Tinctura Lactucarii (U. S. P.)—Tincture of Lactucarium.
Related entry: Lactucarium (U. S. P.)—Lactucarium
Preparation.—"Lactucarium, five hundred grammes (500 Gm.) [1 lb. av., 1 oz., 279 grs.]; glycerin, two hundred and fifty cubic centimeters (250 Cc.) [8 fl℥, 218♏]; water, alcohol, benzin, diluted alcohol, each, a sufficient quantity. Beat the lactucarium in an iron mortar, with clean sand, to a coarse powder, and introduce it into a bottle; add two thousand cubic centimeters (2000 Cc.) [67 fl℥, 301♏] of benzin, cork the bottle tightly, and set it aside for 48 hours, frequently agitating the mixture. Pour the mixture on a double filter, and allow it to drain. Wash the residue by gradually adding fifteen hundred cubic centimeters (1500 Cc.) [50 fl℥, 346♏] of benzin. Allow the lactucarium to dry by exposing it to a current of air. When it is dry, and free from the odor of benzin, reduce it to powder, using more sand, if necessary, and pack it moderately in a conical percolator. Mix the glycerin with two hundred cubic centimeters (200 Cc.) [6 fl℥, 366♏] of water, and five hundred cubic centimeters (500 Cc.) [16 fl℥, 435♏] of alcohol, and moisten the powder with five hundred cubic centimeters (500 Cc.) [16 fl℥, 435♏] of the mixture. When the liquid begins to drop from the percolator, close the lower orifice, and, having closely covered the percolator, macerate for 24 hours; then allow the percolation to proceed very slowly, gradually adding, first, the remainder of the menstruum, and then diluted alcohol, until the lactucarium is exhausted. Reserve the first seven hundred and fifty cubic centimeters (750 Cc.) [25 fl℥, 173♏] of the percolate, evaporate the remainder, on a water-bath at a temperature not exceeding 70° C. (158° F.), to two hundred and fifty cubic centimeters (250 Cc.) [8 fl℥, 218♏], and mix this with the reserved portion. Filter, and add enough diluted alcohol through the filter to make the product measure one thousand cubic centimeters (1000 Cc.) [33 fl℥, 391♏]"—(U. S. P.). About 7 1/2 grains of lactucarium are contained in 16 minims of this tincture.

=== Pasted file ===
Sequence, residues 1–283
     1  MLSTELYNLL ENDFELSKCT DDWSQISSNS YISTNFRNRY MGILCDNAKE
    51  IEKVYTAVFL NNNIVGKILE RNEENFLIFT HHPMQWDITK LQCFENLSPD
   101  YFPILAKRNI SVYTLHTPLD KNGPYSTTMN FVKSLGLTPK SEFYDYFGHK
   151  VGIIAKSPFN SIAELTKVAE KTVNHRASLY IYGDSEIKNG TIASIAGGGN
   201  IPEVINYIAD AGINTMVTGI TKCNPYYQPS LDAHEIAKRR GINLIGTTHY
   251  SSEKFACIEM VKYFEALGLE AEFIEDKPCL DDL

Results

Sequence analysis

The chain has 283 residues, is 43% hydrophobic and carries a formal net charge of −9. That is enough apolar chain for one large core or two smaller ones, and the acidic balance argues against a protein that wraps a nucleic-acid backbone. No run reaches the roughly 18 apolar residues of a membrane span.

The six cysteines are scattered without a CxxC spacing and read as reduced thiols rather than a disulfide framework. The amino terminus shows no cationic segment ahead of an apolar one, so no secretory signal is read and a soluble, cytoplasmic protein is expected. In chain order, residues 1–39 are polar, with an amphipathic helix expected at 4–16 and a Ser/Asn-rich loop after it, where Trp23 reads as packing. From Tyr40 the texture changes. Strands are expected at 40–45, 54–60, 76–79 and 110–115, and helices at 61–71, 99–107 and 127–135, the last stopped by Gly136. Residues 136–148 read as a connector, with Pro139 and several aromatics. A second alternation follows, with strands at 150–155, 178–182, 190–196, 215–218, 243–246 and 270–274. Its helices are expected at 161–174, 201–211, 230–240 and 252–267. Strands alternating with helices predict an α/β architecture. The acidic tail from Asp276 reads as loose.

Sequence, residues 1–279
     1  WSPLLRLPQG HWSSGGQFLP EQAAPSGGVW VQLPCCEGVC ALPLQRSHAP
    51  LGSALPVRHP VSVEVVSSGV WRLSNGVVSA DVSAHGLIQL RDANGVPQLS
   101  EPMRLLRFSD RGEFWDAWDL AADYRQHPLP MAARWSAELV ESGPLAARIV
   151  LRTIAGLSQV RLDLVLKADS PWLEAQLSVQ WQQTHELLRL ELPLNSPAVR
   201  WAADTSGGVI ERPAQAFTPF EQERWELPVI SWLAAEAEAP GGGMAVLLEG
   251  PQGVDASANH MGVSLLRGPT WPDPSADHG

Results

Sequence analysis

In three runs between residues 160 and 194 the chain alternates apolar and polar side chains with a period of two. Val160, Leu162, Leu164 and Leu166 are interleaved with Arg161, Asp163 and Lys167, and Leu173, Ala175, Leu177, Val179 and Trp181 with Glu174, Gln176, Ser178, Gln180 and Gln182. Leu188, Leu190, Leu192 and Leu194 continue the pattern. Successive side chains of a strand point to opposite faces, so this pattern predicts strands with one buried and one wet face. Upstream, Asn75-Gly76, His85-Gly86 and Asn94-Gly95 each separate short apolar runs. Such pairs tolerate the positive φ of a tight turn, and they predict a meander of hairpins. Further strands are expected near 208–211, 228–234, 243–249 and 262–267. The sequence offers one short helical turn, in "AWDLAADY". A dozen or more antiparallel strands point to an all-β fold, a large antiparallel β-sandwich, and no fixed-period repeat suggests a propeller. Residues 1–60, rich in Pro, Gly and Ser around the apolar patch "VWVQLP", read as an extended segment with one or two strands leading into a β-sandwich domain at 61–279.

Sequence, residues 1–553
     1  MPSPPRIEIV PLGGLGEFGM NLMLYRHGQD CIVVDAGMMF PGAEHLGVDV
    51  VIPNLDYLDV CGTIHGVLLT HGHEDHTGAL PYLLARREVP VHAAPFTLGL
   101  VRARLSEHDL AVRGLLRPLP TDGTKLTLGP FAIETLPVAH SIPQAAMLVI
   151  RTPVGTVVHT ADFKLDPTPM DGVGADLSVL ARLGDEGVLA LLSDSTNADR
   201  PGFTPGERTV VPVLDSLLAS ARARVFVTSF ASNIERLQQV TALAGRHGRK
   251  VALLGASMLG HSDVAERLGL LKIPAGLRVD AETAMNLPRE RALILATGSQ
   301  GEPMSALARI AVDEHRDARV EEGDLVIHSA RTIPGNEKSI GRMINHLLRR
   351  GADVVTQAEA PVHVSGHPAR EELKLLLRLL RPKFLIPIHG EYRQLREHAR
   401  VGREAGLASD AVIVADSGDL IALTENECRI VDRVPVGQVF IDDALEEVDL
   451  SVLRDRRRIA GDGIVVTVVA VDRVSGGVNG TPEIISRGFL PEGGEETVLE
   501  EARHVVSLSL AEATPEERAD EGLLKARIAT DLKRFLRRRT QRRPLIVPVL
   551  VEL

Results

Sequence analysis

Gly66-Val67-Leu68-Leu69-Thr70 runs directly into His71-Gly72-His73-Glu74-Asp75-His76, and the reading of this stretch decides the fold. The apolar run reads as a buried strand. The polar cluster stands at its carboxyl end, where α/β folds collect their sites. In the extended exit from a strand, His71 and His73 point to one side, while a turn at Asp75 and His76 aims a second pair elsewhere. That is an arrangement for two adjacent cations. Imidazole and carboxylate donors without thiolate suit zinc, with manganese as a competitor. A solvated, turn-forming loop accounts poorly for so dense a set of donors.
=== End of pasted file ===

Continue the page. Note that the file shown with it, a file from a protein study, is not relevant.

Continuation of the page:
Uses.—Tincture of lactucarium is employed in the preparation of Syrup of Lactucarium, and, for this purpose, must be freed from caoutchouc, which it contains. This is accomplished by the benzin, and rendered fit to form an unclouded syrup. A pure benzin should be selected, and the percolate should pass very slowly. Tincture of lactucarium is less efficient than syrup of lactucarium, and is but little valued in Eclectic practice.
King's American Dispensatory, 1898, was written by Harvey Wickes Felter, M.D., and John Uri Lloyd, Phr. M., Ph. D.